Epilepsy and Ageing

Ageing Initiative

Epilepsy and Ageing

The Epilepsy Foundation has undertaken a project called ‘Tackling Epilepsy in the Later Years’ with the National Ageing Research Institute (NARI), the Council for the Ageing (COTA) Victoria, and the Brotherhood of St Laurence (BSL).

People can be diagnosed with epilepsy at any age and one of the biggest age groups to be affected are those who are 65 years of age or older. This demographic are now living longer, therefore it is vital that those affected know how to correctly manage their epilepsy and know there is sufficient support available to them. This support must be provided whether they are living in their own home or in residential care.

The aims of this project are to:
1.  Evaluate the existing knowledge about epilepsy in:

  • Older people (65 years age and older) who have epilepsy and in those who do not; and
  • Aged care staff and carers.

2.  Provide an evidence base of treatments, consequences/issues and the management of epilepsy in older people (65 years and older)
3.  Improve the knowledge and understanding of epilepsy in ageing people with epilepsy and their families and aged care staff/carers through resources informed by the established evidence base
4.  Raise the awareness of the risk of epilepsy for older people within the community, and
5.  Facilitate best practice in the management of epilepsy in older people.


Published Journal Article 

A journal article has just been published on one of the surveys conducted as a part of the Tackling Epilepsy in the Later Years project.

Plain Language Summary

Older adults (65 years or more) have an increased risk of having seizures and developing epilepsy. There are several risk factors in this group which can cause epilepsy including falls and health-related conditions, e.g. stroke, dementia and depression. It is important that these risk factors are monitored by health professionals such as general practitioners (GPs) to prevent epilepsy or to ensure that further consequences such as death are avoided.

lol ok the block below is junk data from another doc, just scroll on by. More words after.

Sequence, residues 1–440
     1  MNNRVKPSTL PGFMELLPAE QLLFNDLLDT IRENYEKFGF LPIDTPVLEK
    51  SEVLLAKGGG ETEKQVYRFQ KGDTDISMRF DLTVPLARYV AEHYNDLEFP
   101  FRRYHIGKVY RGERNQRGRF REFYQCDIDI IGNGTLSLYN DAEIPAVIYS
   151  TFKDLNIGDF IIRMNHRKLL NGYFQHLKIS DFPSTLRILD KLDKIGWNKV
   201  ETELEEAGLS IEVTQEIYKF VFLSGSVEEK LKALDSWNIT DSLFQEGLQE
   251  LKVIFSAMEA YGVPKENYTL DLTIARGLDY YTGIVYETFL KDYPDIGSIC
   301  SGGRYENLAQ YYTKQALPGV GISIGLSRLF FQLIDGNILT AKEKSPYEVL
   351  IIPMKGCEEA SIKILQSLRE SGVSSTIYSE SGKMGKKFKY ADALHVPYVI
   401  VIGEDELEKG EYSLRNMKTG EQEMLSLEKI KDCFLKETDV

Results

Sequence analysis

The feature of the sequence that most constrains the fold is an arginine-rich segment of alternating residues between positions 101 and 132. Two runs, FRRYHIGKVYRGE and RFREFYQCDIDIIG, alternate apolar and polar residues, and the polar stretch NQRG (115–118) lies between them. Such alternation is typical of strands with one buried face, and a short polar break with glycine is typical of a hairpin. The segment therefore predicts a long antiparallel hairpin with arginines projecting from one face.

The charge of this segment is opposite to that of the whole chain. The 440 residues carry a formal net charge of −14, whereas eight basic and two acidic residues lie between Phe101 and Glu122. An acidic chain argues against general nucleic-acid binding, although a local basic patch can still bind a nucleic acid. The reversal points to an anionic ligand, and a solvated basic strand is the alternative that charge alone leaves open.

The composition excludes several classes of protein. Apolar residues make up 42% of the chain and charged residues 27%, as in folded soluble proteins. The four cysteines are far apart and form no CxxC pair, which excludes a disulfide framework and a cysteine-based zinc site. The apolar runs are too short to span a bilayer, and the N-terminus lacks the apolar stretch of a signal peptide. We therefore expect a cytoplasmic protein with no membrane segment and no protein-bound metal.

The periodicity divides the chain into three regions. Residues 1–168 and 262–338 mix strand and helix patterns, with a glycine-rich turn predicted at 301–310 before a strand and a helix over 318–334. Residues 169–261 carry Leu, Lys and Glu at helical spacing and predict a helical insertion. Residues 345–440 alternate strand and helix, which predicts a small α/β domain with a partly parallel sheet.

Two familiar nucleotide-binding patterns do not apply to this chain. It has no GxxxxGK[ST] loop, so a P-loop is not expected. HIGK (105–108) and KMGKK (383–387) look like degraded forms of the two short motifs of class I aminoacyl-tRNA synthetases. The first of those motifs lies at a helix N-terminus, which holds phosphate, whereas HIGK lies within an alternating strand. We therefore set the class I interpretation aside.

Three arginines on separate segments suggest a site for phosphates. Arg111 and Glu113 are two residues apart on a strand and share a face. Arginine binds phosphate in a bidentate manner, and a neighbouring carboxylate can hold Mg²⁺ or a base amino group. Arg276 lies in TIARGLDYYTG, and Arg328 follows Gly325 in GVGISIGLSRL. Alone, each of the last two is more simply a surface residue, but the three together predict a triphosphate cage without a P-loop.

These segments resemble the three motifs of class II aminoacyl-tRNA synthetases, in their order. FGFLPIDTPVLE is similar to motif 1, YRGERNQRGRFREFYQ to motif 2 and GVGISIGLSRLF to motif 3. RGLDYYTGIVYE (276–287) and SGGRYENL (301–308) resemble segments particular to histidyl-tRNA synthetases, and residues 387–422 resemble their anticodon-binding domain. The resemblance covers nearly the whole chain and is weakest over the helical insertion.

A recent study as a part of a project being run by the Epilepsy Foundation – ‘Tackling Epilepsy in the Later Years’ – explored the level of knowledge about epilepsy and the use of Epilepsy Management Plans (EMPs) in people 65 years or older with and without epilepsy. There were 100 people with epilepsy and 472 older people without epilepsy who took part in which they were presented with a list of 23 true/false statements.

People without epilepsy did not answer very many questions correctly indicating a poor level of knowledge. People with epilepsy answered more questions correctly than people without epilepsy, however they still had a poor level of knowledge.

The study also found that in people with epilepsy who answered more questions correctly it was largely due to their satisfaction with clearer information having been provided by their medical professional.

Sixty-six people saw a GP about their epilepsy. Only 18 people had an individual EMP despite their importance and only 9 were directly involved in writing the plan.

Therefore, GPs need to provide older people with more information including about the increased risk of epilepsy occurring as a result of ageing. They also need to develop EMPs with older patients as a part of best practice and person-centred care.

Peterson, C, Piccenna, L, Williams, S, Batchelor, F, Dow, B and Shears, G. Older people and knowledge of epilepsy: GPs can help. Aust Fam Phys. 2017; 46 (3): 132 – 136. Read the full article here.

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